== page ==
Methods to investigate glycogen structure in Glycogen Storage Diseases (GSDs)

Fancellu, Gaia (2022) Methods to investigate glycogen structure in Glycogen Storage Diseases (GSDs). Masters thesis, University of East Anglia.

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Glycogen is the primary source of energy in mammals. It acts as a metabolic buffer, storing or releasing glucose from liver and skeletal muscles in response to an excess or demand of energy. Inherited metabolic disorders that affect glycogen metabolism, such as Glycogen Storage Diseases (GSDs), are related to the appearance of aberrant glycogen structures, which impact on the rate and extent of glucose availability. To date, details on the structure and metabolism of glycogen are still not sufficient to provide an accurate insight into GSDs. The aim of this project is to develop easy-to-use methodologies to analyse and better define the structure of glycogen from healthy and GSDs sources.

To achieve the goal of this project, two methodologies were developed. The first one consisted in the enzymatic debranching of glycogen to determine the chain length distribution and the degree of branching. The method was established on commercially available glycogen (from oyster) and validated on glycogen extracted from HepG2 cells and HepG2 cells bearing GSD type Ia (glucose 6-phosphatase deficiency). The second method aimed at elucidating the position of the branching points by a stepwise enzymatic digestion of the branches and the external chains of the standard glycogen. The results obtained from this second method were then integrated with a theoretical model (called DP15) to have a better understanding on the branches arrangement. The development of both methodologies was supported by analytical techniques, such as thin-layer chromatography (TLC), high-performance anion exchange chromatography coupled with pulsed amperometric detector (HPAEC-PAD), and bicinchoninic acid (BCA) assay to assess the hydrolysed products qualitatively and quantitatively.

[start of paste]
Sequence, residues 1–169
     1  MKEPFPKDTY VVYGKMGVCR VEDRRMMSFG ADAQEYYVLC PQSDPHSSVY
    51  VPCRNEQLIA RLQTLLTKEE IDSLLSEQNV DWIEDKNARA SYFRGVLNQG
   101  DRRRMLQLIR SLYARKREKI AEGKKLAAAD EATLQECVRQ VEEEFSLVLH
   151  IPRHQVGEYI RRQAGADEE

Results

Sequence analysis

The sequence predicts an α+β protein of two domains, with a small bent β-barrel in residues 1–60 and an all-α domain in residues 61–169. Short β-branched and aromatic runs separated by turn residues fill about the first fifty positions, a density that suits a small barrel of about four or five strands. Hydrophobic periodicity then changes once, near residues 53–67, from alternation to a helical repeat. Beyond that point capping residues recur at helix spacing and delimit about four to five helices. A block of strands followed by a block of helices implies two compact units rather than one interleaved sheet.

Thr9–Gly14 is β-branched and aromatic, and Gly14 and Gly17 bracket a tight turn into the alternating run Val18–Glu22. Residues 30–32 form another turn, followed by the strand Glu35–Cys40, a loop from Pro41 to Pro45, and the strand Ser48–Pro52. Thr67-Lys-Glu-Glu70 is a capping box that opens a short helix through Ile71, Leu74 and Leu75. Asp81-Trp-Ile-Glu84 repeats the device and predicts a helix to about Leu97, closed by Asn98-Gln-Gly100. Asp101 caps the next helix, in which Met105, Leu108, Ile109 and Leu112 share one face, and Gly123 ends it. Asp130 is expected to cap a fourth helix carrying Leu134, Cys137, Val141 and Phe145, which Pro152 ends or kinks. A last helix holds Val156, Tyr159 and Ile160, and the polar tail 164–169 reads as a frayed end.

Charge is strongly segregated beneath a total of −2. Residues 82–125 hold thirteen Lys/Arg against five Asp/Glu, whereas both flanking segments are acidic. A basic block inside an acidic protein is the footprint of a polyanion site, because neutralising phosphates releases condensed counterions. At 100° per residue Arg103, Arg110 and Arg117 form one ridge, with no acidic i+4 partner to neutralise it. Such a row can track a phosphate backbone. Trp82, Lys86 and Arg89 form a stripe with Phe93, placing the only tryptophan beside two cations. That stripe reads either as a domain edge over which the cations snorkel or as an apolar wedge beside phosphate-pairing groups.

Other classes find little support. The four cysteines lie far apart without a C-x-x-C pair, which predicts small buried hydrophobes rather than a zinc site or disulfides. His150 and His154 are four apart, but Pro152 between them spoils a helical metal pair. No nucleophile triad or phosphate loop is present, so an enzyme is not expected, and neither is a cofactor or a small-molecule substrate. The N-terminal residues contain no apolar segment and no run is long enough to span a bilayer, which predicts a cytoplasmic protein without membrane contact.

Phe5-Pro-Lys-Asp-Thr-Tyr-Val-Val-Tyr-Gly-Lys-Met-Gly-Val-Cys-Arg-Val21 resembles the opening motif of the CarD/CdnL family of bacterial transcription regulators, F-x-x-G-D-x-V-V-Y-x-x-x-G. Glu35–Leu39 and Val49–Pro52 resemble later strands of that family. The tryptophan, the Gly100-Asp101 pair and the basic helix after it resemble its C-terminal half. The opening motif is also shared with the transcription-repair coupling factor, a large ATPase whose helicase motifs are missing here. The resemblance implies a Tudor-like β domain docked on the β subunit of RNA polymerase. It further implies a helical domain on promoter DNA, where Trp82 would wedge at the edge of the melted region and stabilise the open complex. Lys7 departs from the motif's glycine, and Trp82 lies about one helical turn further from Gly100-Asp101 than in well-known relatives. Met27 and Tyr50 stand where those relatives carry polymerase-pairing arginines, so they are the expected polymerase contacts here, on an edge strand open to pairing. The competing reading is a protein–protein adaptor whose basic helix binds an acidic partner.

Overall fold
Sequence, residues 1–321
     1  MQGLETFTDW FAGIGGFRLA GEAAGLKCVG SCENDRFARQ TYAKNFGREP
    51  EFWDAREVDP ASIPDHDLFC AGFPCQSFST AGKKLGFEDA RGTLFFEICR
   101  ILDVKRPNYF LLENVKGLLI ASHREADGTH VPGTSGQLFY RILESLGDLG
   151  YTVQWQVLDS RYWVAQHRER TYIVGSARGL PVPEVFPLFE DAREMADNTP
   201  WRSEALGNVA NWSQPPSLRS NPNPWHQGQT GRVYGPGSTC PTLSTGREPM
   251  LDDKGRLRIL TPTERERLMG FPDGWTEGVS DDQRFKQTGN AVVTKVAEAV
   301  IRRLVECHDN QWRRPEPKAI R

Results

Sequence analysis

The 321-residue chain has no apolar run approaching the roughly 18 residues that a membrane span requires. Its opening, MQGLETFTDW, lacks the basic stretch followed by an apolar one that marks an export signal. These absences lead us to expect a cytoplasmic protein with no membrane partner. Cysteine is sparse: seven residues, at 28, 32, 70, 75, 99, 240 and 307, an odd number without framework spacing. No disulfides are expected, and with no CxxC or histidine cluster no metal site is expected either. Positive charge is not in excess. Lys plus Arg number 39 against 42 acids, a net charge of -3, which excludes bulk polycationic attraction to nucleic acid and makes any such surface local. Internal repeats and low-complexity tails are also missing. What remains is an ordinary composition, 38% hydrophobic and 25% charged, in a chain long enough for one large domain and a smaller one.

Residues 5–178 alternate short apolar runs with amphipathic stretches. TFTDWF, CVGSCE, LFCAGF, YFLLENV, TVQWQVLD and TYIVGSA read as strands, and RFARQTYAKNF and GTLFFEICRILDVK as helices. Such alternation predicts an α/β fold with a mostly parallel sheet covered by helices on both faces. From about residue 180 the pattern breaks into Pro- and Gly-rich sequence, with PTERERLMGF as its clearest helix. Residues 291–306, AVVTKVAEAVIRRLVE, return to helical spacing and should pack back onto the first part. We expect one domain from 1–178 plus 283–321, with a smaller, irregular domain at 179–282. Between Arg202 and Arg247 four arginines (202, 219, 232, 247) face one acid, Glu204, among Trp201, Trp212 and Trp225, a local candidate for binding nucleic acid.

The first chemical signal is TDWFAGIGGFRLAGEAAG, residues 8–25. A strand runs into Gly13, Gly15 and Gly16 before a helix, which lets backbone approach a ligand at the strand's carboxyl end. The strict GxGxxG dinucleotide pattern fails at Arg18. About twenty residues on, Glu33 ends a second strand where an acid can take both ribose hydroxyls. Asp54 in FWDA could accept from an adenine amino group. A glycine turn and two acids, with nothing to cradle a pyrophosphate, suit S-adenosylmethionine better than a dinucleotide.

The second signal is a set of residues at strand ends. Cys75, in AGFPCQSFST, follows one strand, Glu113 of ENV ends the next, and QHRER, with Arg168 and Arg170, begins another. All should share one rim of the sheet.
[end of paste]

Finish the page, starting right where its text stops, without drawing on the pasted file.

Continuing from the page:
The application of the first methodology showed that the structure of the glycogen standard contained 10% of branching points, and the chains were predominantly longer than DP6 in agreement with literature. The same structural analysis was applied on glycogen from mammalian HepG2 cells and mouse liver after the development of a novel extraction protocol. Preliminary studies showed that HepG2 glycogen had 20% of branching points, equivalent to twice the amount observed in oyster glycogen, and was mainly made of chains longer than DP7. The comparison of the chain length distribution between HepG2 cells and GSDIa HepG2 cells showed that this genetic mutation does not impact the length of the branches and the activity of the glycogen branching enzyme. The same methodology was also applied to glycogen from mouse liver, and the results showed a group of predominant chains between DP4 and DP8. The lack of a peak in the chain length distribution of mouse liver glycogen was attributed to the activity of glucosidases present in liver tissues.

The results obtained from the second methodology showed that the glycogen β- and phosphorylase limit dextrins have chain length distributions (CLDs) shifted towards a low DP, namely DP2, DP3 and DP4, when compared to oyster glycogen. The combination of the CLDs collected experimentally into the DP15 model led to select branched structures bearing branching points at the 3rd or 4th glucose residues from the reducing end of the main chain, suggesting that glycogen branching enzyme potentially branches every three or four glucose units.

To conclude, the methodologies presented in this thesis were demonstrated to be feasible and applicable on commercially available standards or samples isolated from mammalian cells for the investigation of the structure of glycogen. Further applications on samples from GSDs sources could elucidate the impact of these genetic mutations on glycogen structure.

Item Type: Thesis (Masters)
Faculty \ School: Faculty of Science > School of Chemistry
Depositing User: Chris White
Date Deposited: 15 Feb 2023 09:38
Last Modified: 15 Feb 2023 09:38


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